Returning to Oaxaca always feels like coming home. The air, the people, and the active zocalo are soothing and familiar.  My last visit was in November 2007, when Oaxaca was still reeling from the teachers’ strike and its aftermath.  Now, almost six years later, the city’s energy feels whole again.  Since dining well is central to any journey, and especially here, my best companion and fellow foodie B. and I decided to try a few new restaurants as well as some of my old haunts.  We stayed at Hotel Casa Oaxaca, a centrally located spot from which to launch our dining expeditions.

Our first night, we wandered into one of my favorite spots, Casa Oaxaca Restaurant where chef Alejandro Ruiz has developed a succulent tribute to the distinctive cuisine of the region. And it turned out to be the best meal of our visit.  Every detail was covered – the presentation and the service were perfection – and our food was luscious.

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B. had the silky blue bean soup and I had a gorgeous salad of fresh tomatoes, queso fresco, and watermelon (above).  Our entrees were simple grilled seafood – shrimp for B. and for me a whole octopus (breathtaking and perfectly prepared). For dessert, a trio of sorbets  – limon, coco, y leche quemada –lime, coconut and burnt milk (below).

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(Sadly, the wine here – as well as everywhere we ate – was disappointing. The list of wines by the glass was thin and the choices expensive. I realize that Oaxaca’s beverage of choice is mezcal, but it overpowers food, and I really enjoy a glass of wine with a meal.)  But, did I mention the attentive, relaxed, and thoughtful service?  The bill for this extraordinary meal was just over $100 USD (plus about a 15 percent tip).

Do you agree with Eva?  Let us know what you think!  Leave a Comment.

We had Saturday night reservations at Origen – friends had recommended it highly, and we were looking forward to discovering a new restaurant star.  It was underwhelming and ordinary on all counts – definitely not the outstanding meal we’d been anticipating.

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Our salads were adequate – mine with grapefruit and smoked trout (though not much of it) and B.’s mixed greens with an abundance of purslane (definitely an acquired taste). My sea bass with rice was unmemorable; B.’s ribeye with marrow was well prepared, and the marrow rub was excellent (arguably the best part of the meal).  Our merengue dessert was delayed for almost 30 minutes – and the mushy white paste that arrived was inedible.  We were the only people there, until a couple showed up at the end of our meal.  The bill here was $110 USD plus tip.

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The following day we walked a lot, and on an early afternoon jaunt stumbled across Carbon de Palo, a brand-new restaurant on 5 de Mayo.  Billed by our waiter as Continental fusion, with a Colombian chef, it was a lovely surprise.  Our lunch starters were excellent   – a grouper ceviche with lime foam and an incredibly fresh caprese salad (above).  B. chose squid ink pasta topped with a giant scallop, and pronounced it the best he’s ever had.  My entrée was a beautiful – the only word that fits – avocado, skinned and presented whole, stuffed with crab.  I had a glass of Penedes and B. had a Victoria. We vowed to come back for dinner as soon as possible.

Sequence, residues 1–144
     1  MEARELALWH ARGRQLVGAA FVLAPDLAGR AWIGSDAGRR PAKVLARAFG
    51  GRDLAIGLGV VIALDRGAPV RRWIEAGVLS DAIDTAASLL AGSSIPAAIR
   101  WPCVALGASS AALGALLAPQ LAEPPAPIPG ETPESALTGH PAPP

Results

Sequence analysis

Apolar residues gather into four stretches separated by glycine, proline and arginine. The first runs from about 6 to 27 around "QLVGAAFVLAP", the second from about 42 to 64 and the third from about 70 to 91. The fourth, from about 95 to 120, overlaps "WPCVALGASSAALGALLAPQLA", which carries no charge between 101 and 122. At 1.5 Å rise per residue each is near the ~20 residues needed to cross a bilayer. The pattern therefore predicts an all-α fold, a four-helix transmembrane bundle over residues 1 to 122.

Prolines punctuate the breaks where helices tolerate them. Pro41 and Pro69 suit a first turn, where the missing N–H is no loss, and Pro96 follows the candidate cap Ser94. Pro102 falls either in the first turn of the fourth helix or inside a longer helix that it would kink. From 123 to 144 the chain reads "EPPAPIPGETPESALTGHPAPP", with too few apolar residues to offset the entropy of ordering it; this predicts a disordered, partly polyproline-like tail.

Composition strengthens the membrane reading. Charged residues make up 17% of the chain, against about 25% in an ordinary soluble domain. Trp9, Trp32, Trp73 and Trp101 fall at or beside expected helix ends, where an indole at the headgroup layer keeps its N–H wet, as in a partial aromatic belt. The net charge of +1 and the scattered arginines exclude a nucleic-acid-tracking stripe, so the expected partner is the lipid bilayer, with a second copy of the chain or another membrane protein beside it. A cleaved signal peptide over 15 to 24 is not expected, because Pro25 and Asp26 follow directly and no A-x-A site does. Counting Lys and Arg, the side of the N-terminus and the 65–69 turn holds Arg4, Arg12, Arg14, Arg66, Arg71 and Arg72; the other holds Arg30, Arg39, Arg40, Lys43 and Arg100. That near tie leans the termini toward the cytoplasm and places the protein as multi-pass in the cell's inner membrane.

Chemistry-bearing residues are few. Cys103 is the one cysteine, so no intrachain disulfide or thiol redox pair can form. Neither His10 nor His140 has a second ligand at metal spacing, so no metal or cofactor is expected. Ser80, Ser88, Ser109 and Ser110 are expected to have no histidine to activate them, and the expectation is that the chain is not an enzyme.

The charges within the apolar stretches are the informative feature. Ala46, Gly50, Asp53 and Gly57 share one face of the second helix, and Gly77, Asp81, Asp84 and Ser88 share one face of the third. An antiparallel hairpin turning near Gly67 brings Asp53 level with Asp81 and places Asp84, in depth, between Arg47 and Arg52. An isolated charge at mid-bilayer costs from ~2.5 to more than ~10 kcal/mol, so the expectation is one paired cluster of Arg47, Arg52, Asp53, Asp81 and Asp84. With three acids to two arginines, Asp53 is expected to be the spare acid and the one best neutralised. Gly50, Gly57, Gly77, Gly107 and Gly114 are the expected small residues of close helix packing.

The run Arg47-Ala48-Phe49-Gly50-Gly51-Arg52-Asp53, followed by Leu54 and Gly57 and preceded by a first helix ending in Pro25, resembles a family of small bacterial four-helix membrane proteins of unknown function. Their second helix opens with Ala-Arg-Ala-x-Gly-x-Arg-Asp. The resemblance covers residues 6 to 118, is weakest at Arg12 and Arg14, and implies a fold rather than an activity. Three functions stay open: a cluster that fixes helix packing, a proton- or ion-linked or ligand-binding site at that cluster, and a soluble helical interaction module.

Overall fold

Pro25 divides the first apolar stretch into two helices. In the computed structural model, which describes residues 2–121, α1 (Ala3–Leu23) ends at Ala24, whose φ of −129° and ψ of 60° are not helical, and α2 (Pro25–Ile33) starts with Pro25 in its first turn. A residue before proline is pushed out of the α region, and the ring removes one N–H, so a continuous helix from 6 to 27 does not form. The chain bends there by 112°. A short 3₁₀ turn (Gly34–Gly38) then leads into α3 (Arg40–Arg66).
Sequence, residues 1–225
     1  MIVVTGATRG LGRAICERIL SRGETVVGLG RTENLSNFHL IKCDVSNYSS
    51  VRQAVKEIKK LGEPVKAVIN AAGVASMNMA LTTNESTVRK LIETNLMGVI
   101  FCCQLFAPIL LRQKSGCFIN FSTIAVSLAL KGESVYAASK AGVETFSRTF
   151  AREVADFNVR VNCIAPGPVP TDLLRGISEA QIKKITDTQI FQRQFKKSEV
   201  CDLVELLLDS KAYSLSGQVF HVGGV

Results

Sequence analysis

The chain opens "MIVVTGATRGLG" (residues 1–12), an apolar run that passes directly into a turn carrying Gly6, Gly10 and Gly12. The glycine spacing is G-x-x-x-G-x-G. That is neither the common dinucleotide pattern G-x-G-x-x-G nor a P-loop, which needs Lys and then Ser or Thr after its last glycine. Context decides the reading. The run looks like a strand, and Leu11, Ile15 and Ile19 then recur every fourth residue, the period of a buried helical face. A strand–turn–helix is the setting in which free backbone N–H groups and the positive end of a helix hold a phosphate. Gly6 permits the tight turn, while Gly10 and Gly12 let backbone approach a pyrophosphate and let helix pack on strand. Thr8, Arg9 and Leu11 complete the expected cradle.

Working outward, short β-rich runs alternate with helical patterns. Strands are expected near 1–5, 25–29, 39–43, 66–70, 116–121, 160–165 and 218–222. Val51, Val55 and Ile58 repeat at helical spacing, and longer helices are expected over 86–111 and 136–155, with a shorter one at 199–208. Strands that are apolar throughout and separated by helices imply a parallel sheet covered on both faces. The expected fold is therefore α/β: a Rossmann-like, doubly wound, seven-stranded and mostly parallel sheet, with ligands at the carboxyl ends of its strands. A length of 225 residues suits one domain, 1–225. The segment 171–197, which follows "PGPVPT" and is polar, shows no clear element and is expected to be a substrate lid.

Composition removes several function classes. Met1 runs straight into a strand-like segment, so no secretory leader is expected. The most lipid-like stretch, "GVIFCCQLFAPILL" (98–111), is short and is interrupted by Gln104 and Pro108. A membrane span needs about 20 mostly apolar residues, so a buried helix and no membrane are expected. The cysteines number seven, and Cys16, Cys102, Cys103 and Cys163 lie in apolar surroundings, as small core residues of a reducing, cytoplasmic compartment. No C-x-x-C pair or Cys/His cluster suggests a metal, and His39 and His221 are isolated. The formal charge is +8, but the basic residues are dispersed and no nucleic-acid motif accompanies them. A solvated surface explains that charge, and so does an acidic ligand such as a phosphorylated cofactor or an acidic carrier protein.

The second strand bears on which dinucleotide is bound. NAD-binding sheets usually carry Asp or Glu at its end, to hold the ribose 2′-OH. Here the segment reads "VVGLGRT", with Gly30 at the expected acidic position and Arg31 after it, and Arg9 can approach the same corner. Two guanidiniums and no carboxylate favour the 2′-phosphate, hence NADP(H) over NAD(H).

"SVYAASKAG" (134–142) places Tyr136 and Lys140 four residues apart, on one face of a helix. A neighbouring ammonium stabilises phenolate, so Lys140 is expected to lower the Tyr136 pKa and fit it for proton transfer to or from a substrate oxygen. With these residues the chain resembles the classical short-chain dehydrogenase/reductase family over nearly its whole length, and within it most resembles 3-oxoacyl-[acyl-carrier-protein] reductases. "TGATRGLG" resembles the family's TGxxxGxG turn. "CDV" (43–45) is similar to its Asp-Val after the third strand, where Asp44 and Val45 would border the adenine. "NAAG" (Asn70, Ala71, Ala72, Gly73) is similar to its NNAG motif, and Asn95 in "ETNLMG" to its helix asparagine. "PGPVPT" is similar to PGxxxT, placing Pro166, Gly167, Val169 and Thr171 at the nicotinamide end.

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One night we had dinner at our hotel – not surprisingly, it was a beautiful meal with exquisite service provided by Daniel. To start, ceviche tacos and a beet salad, sea bass with green mole and shrimps in mole as entrees.  We all but inhaled the dessert – a delicate camote y piña flauta.

Want to make your own recommendations? Leave a Comment!

We returned to Casa Oaxaca Restaurant for our last supper, and admittedly overdid it.  We started with a cheese platter – a wide assortment of local cheeses, all delicious and rich.  B. had the pulpo – and was awarded an extra-large serving of rice loaded with huitlacoche after letting our server Omar know how much he craves this tasty corn fungus.  For me, Omar recommended the grouper served with chicatana salsa –a delicacy, and a very distinctive taste.

I can’t forget to mention the incredible breakfasts at Casa Oaxaca Hotel.  Included in the cost of the room, and served in the sunny courtyard, each meal was outstanding. Freshly squeezed juices of our choice (usually apple for B., papaya and orange for me), a variety of eggs, a fresh fruit plate with granola and yogurt, enchiladas, quesadillas, chilaquiles, freshly baked breads, homemade jam, as well as cappuccino and espresso, and hot chocolate made to order.

We’re already thinking about restaurants for the next trip – we’ll definitely return to Carbon de Palo and Casa Oaxaca.  We made reservations at Pitiona but never got there – that has to go on the list.  Also missed Los Danzantes.  Oaxaca is calling, and we’ll be back.


Norma’s Note:  There are wonderful restaurants and outdoor cafes all over Oaxaca with varying price ranges, from comida corrida (food of the common person) to gourmet extravaganza. Eva’s review here give us her “top shelf” dining experience!

If you would like to contribute a blog post about your Oaxaca experiences, please contact Norma.